No More Soviet-Era Rocket Engines for NASA Freight Haulers

The Orbital Sciences Antares rocket before its failed launch on Oct. 28 in Wallops Island, Va. Photograph by Joel Kowsky/NASA via Getty Images

The company that suffered a launch failure last week during a mission to resupply the International Space Station has decided to accelerate a planned engine upgrade for its Antares rocket.

Orbital Sciences said on Wednesday that its initial analysis of the Oct. 28 Antares destruction “points to a probable turbopump-related failure” in one of two Aerojet Rocketdyne AJ-26 main engines. The AJ-26 is a modified version of a Russian design that dates to the 1960s, which had drawn early suspicion in the failed launch. The malfunction, which caused officials to destroy the rocket about 20 seconds after liftoff, destroyed about 5,000 pounds of supplies and science experiments on the company’s Cygnus cargo spacecraft.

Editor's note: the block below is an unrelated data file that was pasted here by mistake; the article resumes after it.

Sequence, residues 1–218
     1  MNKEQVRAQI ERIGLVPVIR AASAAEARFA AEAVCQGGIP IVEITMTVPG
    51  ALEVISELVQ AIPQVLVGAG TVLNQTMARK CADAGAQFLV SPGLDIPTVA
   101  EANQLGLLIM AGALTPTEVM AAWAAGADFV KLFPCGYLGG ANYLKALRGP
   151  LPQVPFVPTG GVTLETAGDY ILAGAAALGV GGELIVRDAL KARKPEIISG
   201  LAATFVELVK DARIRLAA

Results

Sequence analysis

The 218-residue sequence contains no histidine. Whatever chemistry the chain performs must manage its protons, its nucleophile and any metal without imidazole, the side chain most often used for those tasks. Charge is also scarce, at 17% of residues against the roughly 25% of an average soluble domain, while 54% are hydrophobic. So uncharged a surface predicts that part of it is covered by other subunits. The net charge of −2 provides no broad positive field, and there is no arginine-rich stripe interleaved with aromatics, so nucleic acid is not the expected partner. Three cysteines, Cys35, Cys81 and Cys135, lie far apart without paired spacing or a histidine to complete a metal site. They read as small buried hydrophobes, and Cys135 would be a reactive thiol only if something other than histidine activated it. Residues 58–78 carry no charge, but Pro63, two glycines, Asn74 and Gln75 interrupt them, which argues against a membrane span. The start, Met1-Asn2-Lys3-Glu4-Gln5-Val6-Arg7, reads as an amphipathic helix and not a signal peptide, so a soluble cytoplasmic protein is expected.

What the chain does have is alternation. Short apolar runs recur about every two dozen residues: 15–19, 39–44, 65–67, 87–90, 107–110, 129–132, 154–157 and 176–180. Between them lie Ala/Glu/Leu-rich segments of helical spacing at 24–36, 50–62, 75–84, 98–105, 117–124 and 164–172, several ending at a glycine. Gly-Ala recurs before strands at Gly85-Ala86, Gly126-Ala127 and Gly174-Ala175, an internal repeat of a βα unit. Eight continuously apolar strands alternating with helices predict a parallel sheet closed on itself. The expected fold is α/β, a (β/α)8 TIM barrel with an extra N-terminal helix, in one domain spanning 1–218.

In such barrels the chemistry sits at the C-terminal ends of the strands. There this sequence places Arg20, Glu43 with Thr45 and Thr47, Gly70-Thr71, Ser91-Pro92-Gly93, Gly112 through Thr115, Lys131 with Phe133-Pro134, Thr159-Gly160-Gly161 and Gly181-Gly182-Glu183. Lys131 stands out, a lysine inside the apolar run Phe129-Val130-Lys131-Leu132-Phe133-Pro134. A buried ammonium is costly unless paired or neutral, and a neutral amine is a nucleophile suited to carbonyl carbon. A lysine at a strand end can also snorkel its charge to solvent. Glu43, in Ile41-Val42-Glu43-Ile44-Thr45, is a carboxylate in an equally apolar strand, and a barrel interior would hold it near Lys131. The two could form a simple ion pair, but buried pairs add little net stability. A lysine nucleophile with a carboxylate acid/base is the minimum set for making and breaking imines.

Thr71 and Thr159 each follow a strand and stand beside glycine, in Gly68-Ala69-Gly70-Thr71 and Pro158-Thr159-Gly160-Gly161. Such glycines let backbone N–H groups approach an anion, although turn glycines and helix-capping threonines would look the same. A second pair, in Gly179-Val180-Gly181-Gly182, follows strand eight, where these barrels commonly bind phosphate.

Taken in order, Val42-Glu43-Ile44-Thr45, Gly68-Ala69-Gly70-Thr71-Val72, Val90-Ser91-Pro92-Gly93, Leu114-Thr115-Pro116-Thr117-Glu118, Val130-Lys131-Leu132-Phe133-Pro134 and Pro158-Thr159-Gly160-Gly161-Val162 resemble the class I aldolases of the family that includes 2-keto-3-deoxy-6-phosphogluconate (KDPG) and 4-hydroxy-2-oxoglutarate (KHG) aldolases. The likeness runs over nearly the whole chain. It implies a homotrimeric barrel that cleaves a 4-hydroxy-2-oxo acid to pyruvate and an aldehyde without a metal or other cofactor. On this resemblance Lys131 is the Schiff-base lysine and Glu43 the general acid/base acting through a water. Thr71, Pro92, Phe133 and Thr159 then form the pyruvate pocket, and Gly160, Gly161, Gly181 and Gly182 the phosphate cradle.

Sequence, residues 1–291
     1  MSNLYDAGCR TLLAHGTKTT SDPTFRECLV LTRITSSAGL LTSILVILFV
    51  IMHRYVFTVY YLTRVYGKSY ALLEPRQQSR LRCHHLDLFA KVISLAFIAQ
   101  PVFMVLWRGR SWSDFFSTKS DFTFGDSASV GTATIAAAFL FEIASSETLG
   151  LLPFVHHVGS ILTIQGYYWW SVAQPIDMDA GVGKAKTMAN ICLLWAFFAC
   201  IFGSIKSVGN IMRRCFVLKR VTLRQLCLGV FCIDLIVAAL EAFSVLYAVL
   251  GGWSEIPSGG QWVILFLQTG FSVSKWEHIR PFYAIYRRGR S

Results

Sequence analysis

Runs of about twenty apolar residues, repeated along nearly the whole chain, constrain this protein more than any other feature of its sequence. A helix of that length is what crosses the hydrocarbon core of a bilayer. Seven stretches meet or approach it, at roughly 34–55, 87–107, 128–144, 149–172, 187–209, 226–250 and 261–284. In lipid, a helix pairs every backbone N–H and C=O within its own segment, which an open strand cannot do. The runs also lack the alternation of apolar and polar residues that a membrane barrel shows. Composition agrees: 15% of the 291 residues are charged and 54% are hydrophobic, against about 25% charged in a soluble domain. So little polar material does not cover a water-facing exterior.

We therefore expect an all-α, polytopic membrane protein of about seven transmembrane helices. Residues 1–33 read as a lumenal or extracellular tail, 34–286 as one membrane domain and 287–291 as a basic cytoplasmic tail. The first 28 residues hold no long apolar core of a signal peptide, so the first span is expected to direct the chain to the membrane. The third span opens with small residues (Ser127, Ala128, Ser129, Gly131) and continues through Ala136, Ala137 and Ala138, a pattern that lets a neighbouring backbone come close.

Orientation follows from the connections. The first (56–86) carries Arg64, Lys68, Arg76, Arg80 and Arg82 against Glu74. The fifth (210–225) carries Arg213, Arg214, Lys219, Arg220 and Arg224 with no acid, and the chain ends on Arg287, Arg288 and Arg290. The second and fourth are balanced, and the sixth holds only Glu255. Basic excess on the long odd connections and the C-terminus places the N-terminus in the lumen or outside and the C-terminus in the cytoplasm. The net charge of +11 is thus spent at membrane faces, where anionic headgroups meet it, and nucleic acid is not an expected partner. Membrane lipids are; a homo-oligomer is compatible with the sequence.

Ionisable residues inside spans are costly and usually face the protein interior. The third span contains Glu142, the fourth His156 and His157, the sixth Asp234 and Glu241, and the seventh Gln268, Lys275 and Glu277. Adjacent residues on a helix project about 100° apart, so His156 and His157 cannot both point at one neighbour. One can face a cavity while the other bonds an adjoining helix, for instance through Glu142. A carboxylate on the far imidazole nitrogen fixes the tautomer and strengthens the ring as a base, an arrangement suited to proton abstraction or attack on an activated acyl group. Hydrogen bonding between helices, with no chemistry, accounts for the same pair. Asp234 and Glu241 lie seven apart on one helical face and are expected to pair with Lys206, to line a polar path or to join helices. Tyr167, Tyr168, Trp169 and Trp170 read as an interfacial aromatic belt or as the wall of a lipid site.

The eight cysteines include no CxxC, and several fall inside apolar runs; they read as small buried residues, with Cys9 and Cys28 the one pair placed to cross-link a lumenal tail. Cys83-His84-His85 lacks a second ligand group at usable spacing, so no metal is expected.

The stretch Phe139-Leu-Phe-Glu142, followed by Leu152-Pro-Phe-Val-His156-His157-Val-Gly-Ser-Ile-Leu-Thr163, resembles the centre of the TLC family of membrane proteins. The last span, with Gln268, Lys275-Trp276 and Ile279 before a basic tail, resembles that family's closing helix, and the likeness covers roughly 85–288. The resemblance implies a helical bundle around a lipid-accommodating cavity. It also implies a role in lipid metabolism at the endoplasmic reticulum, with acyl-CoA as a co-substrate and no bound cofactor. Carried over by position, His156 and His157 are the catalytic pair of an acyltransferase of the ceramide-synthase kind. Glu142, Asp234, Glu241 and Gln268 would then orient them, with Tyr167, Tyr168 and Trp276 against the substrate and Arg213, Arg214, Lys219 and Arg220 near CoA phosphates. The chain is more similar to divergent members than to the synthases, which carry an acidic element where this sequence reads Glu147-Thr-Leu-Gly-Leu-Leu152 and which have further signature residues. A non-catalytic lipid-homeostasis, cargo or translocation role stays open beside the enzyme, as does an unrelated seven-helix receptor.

Orbital Sciences has a $1.9 billion NASA contract to conduct eight cargo missions to the ISS. To meet its contractual obligations, the company plans to employ “various launch vehicles” to carry at least two Cygnus payloads to the ISS by the end of 2016. The next Antares launch, with the new engines, is also scheduled for 2016.

Ahead of its new engine introduction, Orbital Sciences is evaluating several alternative rockets to get its cargo capsule to the ISS. No dates for those missions have been determined, spokeswoman Sean Elizabeth Wilson said in an e-mail. The company has declined to say which engine it has chosen to replace the AJ-26. In a 2012 interview, Elon Musk, the founder of rival launch firm SpaceX, mocked the aged engine technology as “the punch line to a joke.”

Orbital shares plunged 15 percent the day after the rocket failure, and declined 3.7 percent on Wednesday. The stock has gained about 4 percent this year.

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